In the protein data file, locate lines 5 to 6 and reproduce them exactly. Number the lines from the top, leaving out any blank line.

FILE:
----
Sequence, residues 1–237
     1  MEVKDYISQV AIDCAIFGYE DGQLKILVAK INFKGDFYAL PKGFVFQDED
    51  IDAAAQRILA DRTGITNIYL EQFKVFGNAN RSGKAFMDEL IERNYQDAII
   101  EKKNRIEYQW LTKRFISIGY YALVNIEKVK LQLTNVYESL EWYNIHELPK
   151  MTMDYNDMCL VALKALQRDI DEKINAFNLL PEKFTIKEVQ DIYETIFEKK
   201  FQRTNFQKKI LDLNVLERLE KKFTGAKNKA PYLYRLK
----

   151  MTMDYNDMCL VALKALQRDI DEKINAFNLL PEKFTIKEVQ DIYETIFEKK
   201  FQRTNFQKKI LDLNVLERLE KKFTGAKNKA PYLYRLK